House - Horror film houses

The haunted house sub-genre has been a horror mainstay for years and it is alive and well to this day. The Conjuring recently cleaned up at the box office, proving that audiences are still just as interested in the disturbing domicile sub-genre as ever. In the case of haunted house films, the home is just as important, if not more so, than the cast of human inhabitants. As a general rule, the less inviting the house appears on screen, the greater the potential for malady.

Though we wholeheartedly enjoy a good horror film, we would be more than a little reticent to live in, or even spend a night in any of the homes in our favorite haunted house flicks. Below, behold five houses we would most certainly not want to live in.

The House from Poltergeist

As a general rule, building a home atop a Native American burial ground isn’t a good idea…unless of course you want to invite every kind of hell to break loose, and then it’s a splendid idea. We have no desire to risk being pulled into the spirit world or manhandled by a clown doll. Poltergeist is the quintessential example of modern haunted house cinema. There wouldn’t be a Paranormal Activity franchise or the Insidious films if it weren’t for Poltergeist laying the groundwork. Its influence can be seen in practically every haunted house film to come out in its wake. Though it is often impersonated, few films have come close to being as effective at terrifying audiences as Poltergeist.

Poltergesit House The House from House

The house from House was a conduit for all sorts of malevolent goings on. Roger Cobb inherited his aunt’s home and then had the extreme displeasure of reliving his worst Vietnam memories all over again in that house. He also encountered some incredibly bizarre monsters and other forms of torment at the behest of his newly inherited residence.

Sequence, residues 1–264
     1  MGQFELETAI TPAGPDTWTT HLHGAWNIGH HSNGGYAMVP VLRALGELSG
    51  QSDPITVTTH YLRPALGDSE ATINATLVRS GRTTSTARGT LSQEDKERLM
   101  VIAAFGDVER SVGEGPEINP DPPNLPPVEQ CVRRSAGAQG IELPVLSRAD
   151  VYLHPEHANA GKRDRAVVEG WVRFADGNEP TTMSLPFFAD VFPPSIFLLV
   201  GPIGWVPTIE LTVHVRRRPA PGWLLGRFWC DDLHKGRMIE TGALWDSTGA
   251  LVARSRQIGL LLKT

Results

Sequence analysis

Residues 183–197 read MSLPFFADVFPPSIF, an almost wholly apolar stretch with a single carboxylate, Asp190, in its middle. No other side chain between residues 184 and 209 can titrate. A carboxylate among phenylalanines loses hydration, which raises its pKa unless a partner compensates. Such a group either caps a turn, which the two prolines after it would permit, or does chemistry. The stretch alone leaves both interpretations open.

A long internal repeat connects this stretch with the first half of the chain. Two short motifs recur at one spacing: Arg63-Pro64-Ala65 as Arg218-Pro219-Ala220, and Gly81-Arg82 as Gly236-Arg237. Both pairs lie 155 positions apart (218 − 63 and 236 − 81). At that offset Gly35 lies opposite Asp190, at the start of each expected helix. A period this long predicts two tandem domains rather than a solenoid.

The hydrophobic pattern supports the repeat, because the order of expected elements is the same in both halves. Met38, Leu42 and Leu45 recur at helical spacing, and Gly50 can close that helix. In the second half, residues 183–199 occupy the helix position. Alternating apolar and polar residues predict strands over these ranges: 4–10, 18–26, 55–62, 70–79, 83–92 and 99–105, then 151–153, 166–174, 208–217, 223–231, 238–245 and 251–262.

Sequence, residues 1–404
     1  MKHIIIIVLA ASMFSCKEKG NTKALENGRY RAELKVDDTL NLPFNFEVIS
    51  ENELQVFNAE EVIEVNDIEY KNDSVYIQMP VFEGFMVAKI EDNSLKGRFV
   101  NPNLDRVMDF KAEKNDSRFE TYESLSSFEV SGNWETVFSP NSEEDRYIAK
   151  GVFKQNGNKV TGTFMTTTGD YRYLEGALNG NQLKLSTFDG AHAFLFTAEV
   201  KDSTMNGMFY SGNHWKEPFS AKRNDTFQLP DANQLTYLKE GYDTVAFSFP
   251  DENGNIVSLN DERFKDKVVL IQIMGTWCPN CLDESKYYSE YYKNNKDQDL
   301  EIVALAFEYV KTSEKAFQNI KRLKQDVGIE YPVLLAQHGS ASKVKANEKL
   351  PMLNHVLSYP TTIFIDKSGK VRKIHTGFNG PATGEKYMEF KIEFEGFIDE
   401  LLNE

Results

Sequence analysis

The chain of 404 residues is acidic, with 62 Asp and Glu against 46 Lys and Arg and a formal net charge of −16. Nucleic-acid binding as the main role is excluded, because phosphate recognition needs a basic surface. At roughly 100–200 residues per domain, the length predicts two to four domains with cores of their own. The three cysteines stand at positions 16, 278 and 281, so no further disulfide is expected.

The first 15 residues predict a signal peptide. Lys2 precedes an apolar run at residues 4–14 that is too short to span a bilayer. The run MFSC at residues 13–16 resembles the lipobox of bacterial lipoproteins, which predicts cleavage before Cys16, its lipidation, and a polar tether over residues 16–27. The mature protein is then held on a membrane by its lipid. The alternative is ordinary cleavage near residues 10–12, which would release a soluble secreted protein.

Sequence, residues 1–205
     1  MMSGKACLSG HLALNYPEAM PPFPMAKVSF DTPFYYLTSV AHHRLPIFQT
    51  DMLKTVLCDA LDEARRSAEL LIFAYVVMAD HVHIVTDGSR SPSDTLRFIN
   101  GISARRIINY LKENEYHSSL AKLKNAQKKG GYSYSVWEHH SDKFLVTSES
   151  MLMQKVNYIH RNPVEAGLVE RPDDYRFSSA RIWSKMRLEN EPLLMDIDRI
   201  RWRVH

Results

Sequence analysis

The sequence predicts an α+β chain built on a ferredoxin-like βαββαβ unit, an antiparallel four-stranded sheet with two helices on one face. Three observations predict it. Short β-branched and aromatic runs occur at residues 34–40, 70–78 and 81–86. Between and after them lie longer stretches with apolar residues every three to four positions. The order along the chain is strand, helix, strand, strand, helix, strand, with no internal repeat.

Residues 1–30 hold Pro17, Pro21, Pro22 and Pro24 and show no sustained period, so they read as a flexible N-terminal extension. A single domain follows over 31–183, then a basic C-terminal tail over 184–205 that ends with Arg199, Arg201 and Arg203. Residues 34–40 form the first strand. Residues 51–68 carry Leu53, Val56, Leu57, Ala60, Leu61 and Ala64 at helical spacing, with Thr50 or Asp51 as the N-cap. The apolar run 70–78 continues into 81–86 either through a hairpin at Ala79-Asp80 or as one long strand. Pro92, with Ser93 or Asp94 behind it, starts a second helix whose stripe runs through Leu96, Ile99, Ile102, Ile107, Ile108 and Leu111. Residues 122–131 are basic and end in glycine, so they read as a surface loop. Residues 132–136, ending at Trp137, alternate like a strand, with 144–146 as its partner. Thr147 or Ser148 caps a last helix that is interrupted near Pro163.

House The house from The House on Haunted Hill

Whether it’s the original or the remake, we have no desire to spend any measure of time in any incarnation of the House on Haunted Hill. The allure of easy money is a good way to make people throw common sense to the wind and that is precisely what goes on in the House on Haunted Hill films. A group of characters agree to be locked in a notoriously spooky dwelling for an appealing sum of money – $10,000 in the original and $1,000,000 in the reboot. We like our chances of survival much better without the ill-fated decision to let a crazy person lock us in a house brimming with supernatural activity overnight.

House on Haunted Hill The Amityville Horror House

The thing that makes The Amityville Horror house so terrifying is that the events that transpired in it are reportedly true. Depending on whom you speak to, the events that allegedly took place in the house may or may not have been greatly exaggerated, but we aren’t interested in taking any chances. Exaggerated or not, the story behind the house is incredibly terrifying. Devilish sprits running amok are more than we care to experience. The Amityville house has become somewhat of a tourist attraction as the exterior represents one of the few cinematic domiciles that isn’t a sound stage.

Amityville HorrorThe House from Burnt Offerings

The premise behind Burnt Offerings is a very creative one. Giving the house a personality of sorts and positioning the home, as a villain that is seeking blood so that it might regenerate is unspeakably creepy. Not only that, the owners were a pair of super creeps. The film features a jarring performance from the lovely Karen Black who recently passed. Our hearts go out to her family and friends.

Burnt Offerings